As the saying goes, “I could eat a horse,” and that’s likely what many Irish did over the past several months. The Irish Food watchdog, the Food Safety Authority of Ireland, said it discovered horse DNA in burger products sold by Tesco, LIDL, ALDI, SPAR, and the country’s largest domestic supermarket chain, Dunnes Stores, causing the authority to demand the removal of ten million burgers from supermarket shelves.
As it turns out, eating horse meat is legal in Ireland. So why are the Irish horrified by the thoughts of munching on a horse meat patty? Because eating horse meat is taboo.
In Ireland, the horse has reached pet status. And pet status means that the filly “Ivy, the confident curious girl,” as advertised on the Irish website ispca.ie, will not become a hamburger, but, rather, a pet, and even though Ireland has an over-population of horses that is reaching crisis level, culling them for domestic consumption is not an option.
And it seems the Irish are not alone. Americans share the same taboo, even though horse meat consumption is also legal in the U.S.
President Obama, on November 11, 2011, lifted a five-year ban on funding horse meat inspections, which opened up the meat market to horse meat sales for human consumption. M. Wells Dinette, a trendy café at Queens Museum (MoMA PS1) jumped at the chance of adding a horse meat tartare to its sushi menu when the ban was lifted. But, after only five days on the menu it was removed. Surprised by death threats, the outcry from animal rights activists, and the potential legal ramifications from health officials against the serving of horse meat, head chef Hugue Dufour squashed the idea of horse fare.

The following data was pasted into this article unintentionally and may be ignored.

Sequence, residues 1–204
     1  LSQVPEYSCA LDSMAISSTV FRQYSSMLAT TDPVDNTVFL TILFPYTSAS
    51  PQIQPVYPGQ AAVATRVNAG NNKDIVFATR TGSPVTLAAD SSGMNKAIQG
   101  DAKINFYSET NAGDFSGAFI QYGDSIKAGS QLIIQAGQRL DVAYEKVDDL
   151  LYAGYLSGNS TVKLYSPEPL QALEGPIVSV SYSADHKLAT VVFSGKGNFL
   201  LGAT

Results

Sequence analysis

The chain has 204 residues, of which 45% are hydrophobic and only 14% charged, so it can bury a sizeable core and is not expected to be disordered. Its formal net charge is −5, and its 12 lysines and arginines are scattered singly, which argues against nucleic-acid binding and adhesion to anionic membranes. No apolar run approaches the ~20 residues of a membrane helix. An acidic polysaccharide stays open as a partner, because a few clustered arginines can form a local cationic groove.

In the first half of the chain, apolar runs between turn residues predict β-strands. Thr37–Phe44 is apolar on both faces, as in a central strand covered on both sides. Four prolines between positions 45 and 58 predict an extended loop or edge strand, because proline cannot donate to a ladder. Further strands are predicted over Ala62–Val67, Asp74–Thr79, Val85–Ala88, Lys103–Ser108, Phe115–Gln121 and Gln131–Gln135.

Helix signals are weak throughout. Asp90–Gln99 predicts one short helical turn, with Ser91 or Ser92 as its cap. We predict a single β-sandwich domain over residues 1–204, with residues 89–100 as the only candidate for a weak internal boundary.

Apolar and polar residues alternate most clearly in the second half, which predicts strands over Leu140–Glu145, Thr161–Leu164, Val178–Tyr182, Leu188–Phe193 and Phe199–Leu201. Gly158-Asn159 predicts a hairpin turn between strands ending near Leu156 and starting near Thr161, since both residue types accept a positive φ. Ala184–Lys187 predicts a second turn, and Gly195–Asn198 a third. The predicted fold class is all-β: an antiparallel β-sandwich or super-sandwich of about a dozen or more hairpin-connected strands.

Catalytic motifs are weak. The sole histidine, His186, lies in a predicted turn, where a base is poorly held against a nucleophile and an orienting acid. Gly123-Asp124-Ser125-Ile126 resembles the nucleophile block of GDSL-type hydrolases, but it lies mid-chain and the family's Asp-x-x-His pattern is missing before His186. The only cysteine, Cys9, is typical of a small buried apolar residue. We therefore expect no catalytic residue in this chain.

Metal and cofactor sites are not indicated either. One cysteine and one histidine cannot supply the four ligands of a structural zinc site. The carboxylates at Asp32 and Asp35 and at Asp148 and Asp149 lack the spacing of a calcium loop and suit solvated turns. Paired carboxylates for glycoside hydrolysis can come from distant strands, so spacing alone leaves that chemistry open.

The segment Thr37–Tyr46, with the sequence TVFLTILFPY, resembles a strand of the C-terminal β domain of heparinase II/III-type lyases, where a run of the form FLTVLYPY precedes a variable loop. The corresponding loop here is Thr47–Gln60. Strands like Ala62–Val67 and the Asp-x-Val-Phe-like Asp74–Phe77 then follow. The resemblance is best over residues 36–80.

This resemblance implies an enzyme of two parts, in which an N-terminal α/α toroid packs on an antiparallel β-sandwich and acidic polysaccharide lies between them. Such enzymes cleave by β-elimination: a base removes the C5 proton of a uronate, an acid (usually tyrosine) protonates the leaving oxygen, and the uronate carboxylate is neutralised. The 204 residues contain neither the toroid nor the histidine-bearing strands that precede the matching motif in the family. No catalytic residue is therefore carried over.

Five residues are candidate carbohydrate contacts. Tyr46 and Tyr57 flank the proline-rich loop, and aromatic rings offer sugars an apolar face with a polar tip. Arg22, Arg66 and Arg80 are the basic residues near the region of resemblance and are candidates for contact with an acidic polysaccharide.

According to Liz Robbins of the New York Times, Mr Dufour said, “I love horse, but I’m not going to start killing my neighbor because he doesn’t want to eat horse. I can serve other things.”
Not everyone in the world shares the same taboo as the Irish and the Americans. Horse meat consumption is widely accepted in France, where it can be purchased at specialist butcher shops (boucheries chevalines) and supermarkets.
The practice of eating horse meat began in 1866 when the first Parisian horse butcher opened for those who could not afford beef. When the Prussian Army laid siege to the city in 1870-71, it became a staple diet for a starving population. And, during WWI and WWII, soldiers and civilians ate horse meat as a matter of survival.
Today horse meat is an alternative to more expensive meat options, and its popularity as a food source continues. The French claim it tastes good and they also recognize that it’s protein-rich and immune to Bovine Spongiform encephalopathy (BSE).
The Italians too love their horse meat, having recently become the biggest consumers of horse meat in Europe, even going as far as enjoying a horse meat variety in their classic Italian Mortadella sausage. And, as far away as Mexico, China, and Japan, horse meat is regularly found on the dinner plate. In Siberia, the Yakut horse is bred specifically for food and is an important part of the local diet.
While the Irish and the Americans would likely run screaming into the streets at the thoughts of munching on a horse meat burger, most of the world, on the other hand, would lick their lips and tuck into their juicy meal.
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